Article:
Top 10 Hawaiian Beaches

Whether you are searching for gleaming white sands, turquoise waters or the best surf, Hawaii’s tropical oases have something for everyone. Escape to paradise and tour our top 10 Hawaiian beaches.

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Shoal Bay, Anguilla

Shoal Bay, Anguilla

Once a secret hideaway, Anguilla has come into its own as a Caribbean hot spot for Hollywood starlets and honeymooners alike. Filled with beautiful beaches, posh resorts and overall laid-back charm, Anguilla's popularity is certainly well-deserved. There are 33 beaches on this 16-mile stretch of island, and the best part is that they are all open to the public. Shoal Bay is among the most popular with 2 miles of pearly-white sand on the Atlantic side that has a convenient equipment rental on-site for visitors.

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Eagle Beach, Aruba

Eagle Beach, Aruba

With miles of clean shores, tranquil waters and picture-perfect weather year-round, Aruba sees its fair share of tourism. Eagle Beach is one of the most beautiful beaches on the island with its wide swath of powdery sand and gentle surf perfect for swimming. The beach is a bit quieter than some of its neighbors, but still free to the public like all of Aruba’s beaches. Sleep across the street from these serene shores at the Dutch-influenced Amsterdam Manor Beach Resort.

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Trunk Bay, St. John

Trunk Bay, St. John

Nearly 50 years after Laurance S. Rockefeller donated Trunk Bay to the National Park Service, the beach and offshore coral reefs remain among St. John's most breathtaking and well-preserved attractions. Trunk Bay's clear, warm waters and silky coral sands draw tourists in droves, and its well-maintained facilities include chair and snorkel equipment rentals and showers. Visitors can bask in the tropical sun, snorkel the 225-yard-long Underwater Trail of reefs, or try their hand at underwater photography -- the clean water and variety of colorful sea life promise spectacular photo opportunities.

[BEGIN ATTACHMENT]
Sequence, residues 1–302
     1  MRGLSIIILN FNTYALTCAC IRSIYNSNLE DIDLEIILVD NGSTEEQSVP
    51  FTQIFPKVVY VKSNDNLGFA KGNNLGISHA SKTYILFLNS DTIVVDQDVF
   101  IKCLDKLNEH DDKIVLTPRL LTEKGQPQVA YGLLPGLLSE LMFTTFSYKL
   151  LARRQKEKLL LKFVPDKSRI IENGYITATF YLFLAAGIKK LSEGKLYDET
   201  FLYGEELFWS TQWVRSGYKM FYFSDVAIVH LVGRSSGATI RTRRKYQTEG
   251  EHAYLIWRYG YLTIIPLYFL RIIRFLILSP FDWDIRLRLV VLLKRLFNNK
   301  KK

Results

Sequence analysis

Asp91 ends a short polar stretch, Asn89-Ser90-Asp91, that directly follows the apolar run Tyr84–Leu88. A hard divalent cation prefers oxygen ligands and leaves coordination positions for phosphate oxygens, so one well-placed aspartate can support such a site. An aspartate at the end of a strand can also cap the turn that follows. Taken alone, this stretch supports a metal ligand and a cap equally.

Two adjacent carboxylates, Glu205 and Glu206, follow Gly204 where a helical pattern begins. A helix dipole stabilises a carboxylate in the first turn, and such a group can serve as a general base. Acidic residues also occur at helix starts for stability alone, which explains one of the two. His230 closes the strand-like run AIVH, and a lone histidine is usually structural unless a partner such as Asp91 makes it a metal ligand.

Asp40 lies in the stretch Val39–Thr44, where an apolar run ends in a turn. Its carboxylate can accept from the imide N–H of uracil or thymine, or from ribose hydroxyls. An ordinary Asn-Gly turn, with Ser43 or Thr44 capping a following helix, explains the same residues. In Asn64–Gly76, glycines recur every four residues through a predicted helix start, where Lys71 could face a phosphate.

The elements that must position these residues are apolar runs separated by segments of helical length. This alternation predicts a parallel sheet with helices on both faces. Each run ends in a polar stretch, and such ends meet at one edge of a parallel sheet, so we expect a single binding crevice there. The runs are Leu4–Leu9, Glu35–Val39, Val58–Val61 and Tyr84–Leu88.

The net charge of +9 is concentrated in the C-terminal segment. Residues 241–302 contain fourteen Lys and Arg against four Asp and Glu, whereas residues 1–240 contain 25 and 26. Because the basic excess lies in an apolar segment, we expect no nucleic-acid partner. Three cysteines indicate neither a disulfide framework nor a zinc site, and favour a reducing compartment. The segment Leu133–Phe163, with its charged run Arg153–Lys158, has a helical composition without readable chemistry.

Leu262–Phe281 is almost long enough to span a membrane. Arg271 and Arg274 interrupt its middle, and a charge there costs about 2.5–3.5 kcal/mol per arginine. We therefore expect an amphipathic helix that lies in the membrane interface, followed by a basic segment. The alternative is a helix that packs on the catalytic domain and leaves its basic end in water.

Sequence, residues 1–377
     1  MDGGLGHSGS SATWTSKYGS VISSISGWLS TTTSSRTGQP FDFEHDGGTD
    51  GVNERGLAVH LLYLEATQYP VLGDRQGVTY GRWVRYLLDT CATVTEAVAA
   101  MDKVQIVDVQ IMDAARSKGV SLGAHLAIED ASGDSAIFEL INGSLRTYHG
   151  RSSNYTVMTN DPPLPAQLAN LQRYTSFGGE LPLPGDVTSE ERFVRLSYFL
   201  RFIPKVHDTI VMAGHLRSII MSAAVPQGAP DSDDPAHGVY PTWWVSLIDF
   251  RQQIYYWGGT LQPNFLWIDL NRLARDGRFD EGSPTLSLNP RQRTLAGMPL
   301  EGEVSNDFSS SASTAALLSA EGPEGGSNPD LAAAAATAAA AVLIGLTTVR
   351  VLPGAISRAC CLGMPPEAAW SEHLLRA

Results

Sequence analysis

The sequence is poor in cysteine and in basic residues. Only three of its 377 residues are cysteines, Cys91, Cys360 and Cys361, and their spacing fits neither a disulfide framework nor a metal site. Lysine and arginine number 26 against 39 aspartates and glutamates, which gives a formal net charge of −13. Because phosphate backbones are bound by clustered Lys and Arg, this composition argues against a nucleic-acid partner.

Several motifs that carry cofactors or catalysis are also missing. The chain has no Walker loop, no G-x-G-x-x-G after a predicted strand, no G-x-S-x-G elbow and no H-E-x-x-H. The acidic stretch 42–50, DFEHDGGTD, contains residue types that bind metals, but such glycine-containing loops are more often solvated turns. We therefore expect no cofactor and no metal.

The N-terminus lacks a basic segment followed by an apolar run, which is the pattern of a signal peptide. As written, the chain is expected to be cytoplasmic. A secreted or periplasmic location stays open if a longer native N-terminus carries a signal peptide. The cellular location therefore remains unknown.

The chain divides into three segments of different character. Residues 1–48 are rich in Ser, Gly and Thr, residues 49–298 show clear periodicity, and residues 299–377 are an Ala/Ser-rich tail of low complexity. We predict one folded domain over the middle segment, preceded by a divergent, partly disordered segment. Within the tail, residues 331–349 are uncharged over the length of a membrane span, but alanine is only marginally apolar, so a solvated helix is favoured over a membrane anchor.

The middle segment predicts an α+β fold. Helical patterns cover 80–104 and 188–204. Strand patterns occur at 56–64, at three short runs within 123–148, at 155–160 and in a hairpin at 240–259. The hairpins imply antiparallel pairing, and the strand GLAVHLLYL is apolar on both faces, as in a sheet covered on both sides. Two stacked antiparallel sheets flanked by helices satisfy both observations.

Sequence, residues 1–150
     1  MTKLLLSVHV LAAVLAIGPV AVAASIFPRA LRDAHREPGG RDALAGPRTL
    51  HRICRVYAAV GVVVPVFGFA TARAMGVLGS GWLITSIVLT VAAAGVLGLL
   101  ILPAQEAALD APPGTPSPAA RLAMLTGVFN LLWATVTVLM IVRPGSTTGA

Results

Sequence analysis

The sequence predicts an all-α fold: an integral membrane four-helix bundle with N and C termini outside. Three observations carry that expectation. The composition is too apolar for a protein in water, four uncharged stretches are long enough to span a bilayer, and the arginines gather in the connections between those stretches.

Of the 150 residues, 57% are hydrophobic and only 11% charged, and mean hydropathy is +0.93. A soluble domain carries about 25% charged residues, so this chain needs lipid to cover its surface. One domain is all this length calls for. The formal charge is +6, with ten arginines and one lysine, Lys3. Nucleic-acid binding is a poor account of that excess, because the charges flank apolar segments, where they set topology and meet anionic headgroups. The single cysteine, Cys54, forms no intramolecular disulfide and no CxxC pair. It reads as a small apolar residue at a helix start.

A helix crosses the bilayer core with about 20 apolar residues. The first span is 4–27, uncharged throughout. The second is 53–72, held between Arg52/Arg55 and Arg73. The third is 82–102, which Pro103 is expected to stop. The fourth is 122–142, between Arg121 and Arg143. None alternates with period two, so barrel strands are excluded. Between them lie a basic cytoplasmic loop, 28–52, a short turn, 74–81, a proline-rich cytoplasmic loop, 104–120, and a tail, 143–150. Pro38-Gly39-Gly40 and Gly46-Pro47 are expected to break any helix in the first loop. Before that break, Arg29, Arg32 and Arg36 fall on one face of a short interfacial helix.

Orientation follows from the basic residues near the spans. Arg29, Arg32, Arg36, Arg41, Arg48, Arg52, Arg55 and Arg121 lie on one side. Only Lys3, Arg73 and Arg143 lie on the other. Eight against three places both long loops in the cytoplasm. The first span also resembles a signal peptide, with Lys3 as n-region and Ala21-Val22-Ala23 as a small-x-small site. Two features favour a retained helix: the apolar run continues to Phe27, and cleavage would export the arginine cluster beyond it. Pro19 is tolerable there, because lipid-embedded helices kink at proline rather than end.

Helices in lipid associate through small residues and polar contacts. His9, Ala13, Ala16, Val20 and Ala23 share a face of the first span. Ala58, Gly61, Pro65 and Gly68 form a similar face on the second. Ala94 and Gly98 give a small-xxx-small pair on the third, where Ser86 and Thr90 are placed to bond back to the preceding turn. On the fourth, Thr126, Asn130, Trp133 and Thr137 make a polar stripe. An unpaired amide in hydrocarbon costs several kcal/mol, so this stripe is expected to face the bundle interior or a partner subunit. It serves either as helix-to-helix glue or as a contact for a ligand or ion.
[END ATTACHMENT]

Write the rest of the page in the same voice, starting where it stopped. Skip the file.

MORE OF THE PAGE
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Crane Beach, Barbados

Crane Beach, Barbados

Barbados is a distinctive island, both in its natural beauty and fun-loving culture. This West Indies gem is actually a coral island. The sandy beaches are made up of pulverized coral, which makes for fine, soft sand. Just off the coast, there are coral reefs that tempt snorkelers and scuba divers with their exotic underwater life. Crane Beach is known for its great waves, and the waters are filled with surfers and even some body surfers, though the rough waters are appropriate only for strong swimmers.

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Palominos Island, Puerto Rico

Palominos Island, Puerto Rico

Palominos Island is a 100-acre private beach getaway off the coast at the northeastern tip of Puerto Rico. Adding to the island’s allure is its air of exclusivity as it’s only available to guests staying at the El Conquistador Resort and Golden Door Spa. Those lucky VIPs board a fast-moving catamaran for an 8-minute ride to this retreat for a day of snorkeling, wind surfing or riding wave runners or embrace the island paradise by simply lounging in a hammock with a frozen cocktail.

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Philipsburg, St Maarten